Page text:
Brazil Update #2 - Dilma and the impeachment
At Aarhus University the 2nd semester students and assistant professor Georg Fischer have looked into the chaos that is going on in Brazil at the moment. There is both a political and economic crisis in the country, the corruption scandal with the state-owned Petrobras, the possible impeachment against President Dilma and the corruption scandal against ex-president Lula. In this article we take a closer look at the impeachment process that is happening right now with Dilma Rousseff as key player.
How does the impeachment process work?
To begin the process, the speaker of the lower chamber of Congress has to accept a petition for impeachment, in order to decide whether the president should face impeachment.
If they vote no, nothing happens. If yes, the president must go on trial.
The speaker then forms a 65-member congressional panel to investigate the accusations and decide if removal of the president is warranted. The panel is comprised of representatives from all political parties.
The panel then writes a report with a recommendation for the president to either stay in office, or to be removed. This report must be made within 10 days.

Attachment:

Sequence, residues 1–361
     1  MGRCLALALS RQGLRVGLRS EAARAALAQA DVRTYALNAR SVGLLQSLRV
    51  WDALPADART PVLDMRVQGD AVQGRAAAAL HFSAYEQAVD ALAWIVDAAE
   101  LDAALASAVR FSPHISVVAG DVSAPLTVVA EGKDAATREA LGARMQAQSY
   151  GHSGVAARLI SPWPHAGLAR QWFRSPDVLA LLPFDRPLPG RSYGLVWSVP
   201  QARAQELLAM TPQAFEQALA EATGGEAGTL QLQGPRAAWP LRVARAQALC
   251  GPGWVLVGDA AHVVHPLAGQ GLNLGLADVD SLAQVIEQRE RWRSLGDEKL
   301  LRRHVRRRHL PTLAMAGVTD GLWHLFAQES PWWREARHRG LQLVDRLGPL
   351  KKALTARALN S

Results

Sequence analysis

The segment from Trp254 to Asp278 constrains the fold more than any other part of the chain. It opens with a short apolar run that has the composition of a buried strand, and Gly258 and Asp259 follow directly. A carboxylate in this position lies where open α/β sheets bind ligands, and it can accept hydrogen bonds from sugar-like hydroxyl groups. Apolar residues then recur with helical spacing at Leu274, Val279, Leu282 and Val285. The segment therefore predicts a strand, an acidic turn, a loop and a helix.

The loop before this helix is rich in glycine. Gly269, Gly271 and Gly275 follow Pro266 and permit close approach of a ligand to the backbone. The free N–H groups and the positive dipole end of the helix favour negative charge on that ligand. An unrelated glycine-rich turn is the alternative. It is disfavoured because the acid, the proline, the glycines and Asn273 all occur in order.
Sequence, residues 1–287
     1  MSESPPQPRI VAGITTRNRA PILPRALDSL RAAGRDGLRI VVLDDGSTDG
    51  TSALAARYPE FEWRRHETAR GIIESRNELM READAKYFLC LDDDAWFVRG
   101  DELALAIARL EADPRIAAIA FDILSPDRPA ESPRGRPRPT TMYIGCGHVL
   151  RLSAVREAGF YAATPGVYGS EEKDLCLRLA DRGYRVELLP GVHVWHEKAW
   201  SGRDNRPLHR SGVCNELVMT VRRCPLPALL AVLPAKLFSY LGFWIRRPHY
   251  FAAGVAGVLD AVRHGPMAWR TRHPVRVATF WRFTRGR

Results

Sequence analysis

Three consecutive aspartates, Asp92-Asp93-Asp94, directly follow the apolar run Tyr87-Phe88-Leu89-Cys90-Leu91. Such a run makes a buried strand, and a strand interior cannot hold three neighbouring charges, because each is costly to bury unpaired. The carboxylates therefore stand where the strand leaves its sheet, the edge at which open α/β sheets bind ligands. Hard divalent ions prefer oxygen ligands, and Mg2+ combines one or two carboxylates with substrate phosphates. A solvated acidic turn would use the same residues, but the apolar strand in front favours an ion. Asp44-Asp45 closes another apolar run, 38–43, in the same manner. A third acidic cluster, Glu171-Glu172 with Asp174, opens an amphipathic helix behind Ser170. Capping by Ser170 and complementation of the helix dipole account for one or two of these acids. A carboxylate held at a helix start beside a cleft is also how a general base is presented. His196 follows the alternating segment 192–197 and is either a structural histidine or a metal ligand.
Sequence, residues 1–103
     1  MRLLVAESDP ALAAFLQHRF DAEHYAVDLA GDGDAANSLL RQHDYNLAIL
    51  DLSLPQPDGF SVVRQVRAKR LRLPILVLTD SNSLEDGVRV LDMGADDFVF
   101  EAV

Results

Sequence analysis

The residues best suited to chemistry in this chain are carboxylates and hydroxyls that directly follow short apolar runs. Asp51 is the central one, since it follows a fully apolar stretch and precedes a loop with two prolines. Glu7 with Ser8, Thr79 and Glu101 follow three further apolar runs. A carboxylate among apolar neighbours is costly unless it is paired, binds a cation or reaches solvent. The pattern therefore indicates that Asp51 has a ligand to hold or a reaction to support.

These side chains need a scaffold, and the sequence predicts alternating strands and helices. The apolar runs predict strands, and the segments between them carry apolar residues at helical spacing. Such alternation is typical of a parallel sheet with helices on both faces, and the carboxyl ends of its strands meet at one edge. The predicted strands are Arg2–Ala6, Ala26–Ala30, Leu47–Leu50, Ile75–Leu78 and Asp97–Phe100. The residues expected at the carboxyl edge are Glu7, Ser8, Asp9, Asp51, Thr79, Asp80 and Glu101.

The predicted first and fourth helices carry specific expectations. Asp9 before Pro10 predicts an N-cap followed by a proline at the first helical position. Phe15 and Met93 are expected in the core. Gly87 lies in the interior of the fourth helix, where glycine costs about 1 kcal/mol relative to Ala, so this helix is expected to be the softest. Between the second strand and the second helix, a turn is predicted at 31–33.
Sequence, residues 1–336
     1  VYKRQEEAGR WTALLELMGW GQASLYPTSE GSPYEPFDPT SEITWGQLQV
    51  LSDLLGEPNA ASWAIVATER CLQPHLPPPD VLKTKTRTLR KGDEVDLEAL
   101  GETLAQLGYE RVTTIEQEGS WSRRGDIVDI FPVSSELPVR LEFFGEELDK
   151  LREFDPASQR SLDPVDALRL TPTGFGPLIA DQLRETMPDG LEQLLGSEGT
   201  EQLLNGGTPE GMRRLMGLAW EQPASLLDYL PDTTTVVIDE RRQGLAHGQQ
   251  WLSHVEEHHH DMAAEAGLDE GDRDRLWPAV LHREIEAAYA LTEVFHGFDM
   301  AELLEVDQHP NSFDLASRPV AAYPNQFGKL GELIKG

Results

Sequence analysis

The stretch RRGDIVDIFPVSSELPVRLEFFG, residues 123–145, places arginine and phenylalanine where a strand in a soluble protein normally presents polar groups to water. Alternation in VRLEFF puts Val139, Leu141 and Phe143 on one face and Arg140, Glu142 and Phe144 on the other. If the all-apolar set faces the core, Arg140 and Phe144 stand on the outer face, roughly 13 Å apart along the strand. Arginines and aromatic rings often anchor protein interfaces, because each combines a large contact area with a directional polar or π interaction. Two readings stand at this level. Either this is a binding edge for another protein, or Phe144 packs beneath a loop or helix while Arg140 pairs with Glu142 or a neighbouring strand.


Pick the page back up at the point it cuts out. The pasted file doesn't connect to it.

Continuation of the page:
Then the members of the lower chamber votes. If two-thirds of the 513 delegates in the lower chamber vote for impeachment, the matter then goes before the Senate, which in turn then decides whether to put the current president on trial.
In the event that the president is convicted, they have the possibility of appealing the decision. Also, should the president be impeached, the vice-president shall serve out the remainder of the term.
Where are we?
The recommendation to impeach has been made, and has moved to the Chamber of Deputies, the lower house, for a vote, expected on April 17. Dilma has indicated that she will appeal using any means possible, should she be indicted.
Tuesday the 12th of april the voting of the 65-member congressional panel was made, 38 for and 27 against the impeachment.
On the 17th of april the 513 deputies of the lower chamber voted about having the impeachment or not. The voting was 367 for, 137 against and 7 abstaining, furthermore 2 deputies did not vote at all.
What are the accusations?
The accusations against President Dilma Rousseff have to do with committing crimes against the The Brazilian Constitution, which may give rise to the process of impeachment of a democratically elected president. The main accusation against the government has to do with fiscal and administrative responsibility for the public accounts, specifically the accusation that the government failed to pay over more than 40 billion reais of fees/taxes to the Brazilian public banks, like Banco do Brasil and BNDES, thereby in effect borrowing money from such banks, something which is not allowed according to the Law on Fiscal Responsibility. Also, by doing so, the government misrepresented the real state of the public accounts and hid a huge deficit.
Edited by Christina Andersen-Stolberg